Reporters and correspondents may need to maintain a presence on social media networking sites. Many use social media to cover live events, provide additional information for readers and viewers, promote their stations and newscasts, and engage better with their audiences.

Some journalists, particularly those in large cities or large news organizations, cover a particular topic, such as sports, medicine, or politics. Journalists who work in small cities, towns, or organizations may need to cover a wider range of subjects.

Some reporters live in other countries and cover international news.

Some reporters—particularly those who work for print news—are self-employed and take freelance assignments from news organizations. Freelance assignments are given to writers on an as-needed basis. Because freelance reporters are paid for the individual story, they work with many organizations and often spend some of their time marketing their stories and looking for their next assignment.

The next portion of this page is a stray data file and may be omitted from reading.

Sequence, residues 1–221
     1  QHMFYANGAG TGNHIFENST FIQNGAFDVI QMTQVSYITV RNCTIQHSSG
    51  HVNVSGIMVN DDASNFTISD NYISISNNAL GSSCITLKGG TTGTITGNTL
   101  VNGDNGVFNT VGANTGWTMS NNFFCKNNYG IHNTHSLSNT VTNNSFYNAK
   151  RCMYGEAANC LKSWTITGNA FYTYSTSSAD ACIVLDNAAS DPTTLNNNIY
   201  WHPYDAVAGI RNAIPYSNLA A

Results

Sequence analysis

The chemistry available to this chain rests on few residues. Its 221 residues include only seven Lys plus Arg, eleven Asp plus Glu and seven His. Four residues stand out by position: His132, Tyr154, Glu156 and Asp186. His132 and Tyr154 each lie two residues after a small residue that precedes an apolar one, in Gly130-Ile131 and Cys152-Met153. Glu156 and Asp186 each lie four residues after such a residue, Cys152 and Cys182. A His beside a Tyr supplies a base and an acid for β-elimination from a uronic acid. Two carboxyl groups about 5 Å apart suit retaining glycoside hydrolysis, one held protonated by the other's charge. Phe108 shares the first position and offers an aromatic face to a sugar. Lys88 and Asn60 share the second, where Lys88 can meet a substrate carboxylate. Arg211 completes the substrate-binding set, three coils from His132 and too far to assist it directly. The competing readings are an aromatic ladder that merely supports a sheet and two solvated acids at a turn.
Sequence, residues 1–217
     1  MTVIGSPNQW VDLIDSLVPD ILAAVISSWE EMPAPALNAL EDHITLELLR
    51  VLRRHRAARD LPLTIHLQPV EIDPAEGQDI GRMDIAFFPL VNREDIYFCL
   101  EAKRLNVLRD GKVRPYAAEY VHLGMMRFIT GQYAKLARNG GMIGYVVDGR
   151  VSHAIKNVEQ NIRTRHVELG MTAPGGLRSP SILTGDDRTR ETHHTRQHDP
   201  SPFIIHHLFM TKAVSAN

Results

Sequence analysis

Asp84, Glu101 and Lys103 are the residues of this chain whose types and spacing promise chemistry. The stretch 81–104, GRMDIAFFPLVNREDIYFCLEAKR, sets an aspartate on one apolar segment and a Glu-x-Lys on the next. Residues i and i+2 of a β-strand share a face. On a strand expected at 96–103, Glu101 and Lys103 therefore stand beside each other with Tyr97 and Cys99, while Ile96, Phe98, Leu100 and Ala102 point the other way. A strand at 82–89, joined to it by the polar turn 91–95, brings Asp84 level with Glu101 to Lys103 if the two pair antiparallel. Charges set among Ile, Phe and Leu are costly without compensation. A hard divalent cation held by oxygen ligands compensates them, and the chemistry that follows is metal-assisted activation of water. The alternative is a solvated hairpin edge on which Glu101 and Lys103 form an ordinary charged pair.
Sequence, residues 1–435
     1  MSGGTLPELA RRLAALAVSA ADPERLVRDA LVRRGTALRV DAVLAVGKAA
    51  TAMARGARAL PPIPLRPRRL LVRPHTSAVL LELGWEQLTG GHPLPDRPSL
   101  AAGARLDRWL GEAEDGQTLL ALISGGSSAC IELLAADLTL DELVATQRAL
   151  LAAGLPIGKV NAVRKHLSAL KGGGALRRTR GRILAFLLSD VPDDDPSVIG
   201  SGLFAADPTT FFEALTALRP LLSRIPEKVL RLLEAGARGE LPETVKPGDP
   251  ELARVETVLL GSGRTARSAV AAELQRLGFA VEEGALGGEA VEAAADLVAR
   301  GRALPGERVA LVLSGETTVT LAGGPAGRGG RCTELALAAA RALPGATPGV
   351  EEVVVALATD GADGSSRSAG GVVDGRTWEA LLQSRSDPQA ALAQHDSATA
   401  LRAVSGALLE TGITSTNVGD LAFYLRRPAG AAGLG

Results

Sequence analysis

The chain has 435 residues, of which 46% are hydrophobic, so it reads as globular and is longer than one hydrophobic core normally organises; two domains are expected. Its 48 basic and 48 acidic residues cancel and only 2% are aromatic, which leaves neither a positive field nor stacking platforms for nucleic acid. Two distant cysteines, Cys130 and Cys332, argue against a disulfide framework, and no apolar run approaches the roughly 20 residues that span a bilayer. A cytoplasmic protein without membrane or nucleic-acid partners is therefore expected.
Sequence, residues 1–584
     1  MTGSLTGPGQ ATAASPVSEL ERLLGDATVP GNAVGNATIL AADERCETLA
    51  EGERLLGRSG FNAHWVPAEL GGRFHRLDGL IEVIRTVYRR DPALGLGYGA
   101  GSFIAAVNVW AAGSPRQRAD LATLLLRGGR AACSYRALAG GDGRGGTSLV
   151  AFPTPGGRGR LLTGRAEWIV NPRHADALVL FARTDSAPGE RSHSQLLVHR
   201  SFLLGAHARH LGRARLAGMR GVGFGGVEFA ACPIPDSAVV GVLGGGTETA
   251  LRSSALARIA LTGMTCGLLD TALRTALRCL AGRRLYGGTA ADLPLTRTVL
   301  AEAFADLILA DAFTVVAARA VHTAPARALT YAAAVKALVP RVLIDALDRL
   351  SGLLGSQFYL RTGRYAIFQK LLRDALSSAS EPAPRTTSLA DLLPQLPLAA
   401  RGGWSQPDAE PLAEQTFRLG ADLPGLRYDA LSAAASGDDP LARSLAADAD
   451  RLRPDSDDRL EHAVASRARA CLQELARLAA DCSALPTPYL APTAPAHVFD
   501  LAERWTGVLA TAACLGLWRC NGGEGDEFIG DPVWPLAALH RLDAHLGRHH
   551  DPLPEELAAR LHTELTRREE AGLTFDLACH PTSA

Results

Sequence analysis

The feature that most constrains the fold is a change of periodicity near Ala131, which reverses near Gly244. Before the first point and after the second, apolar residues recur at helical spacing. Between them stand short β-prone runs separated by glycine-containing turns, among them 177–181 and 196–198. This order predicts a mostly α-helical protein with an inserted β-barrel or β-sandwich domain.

Some people with a background as a reporter or correspondent work as postsecondary teachers and teach journalism or communications at colleges and universities.

Broadcast news analysts are another type of media occupation. Broadcast news analysts are often called upon to provide their opinion, rather than reporting, on a particular news story. They may appear on television, radio, or in print and offer their opinion to viewers, listeners, or readers. However, most broadcast news analysts come from fields outside of journalism and have expertise in a particularly subject—for example, politics, business, or medicine—and are hired on a contract basis to provide their opinion of the subjects being discussed. Becoming a broadcast news analyst is typically not a career path for new journalists.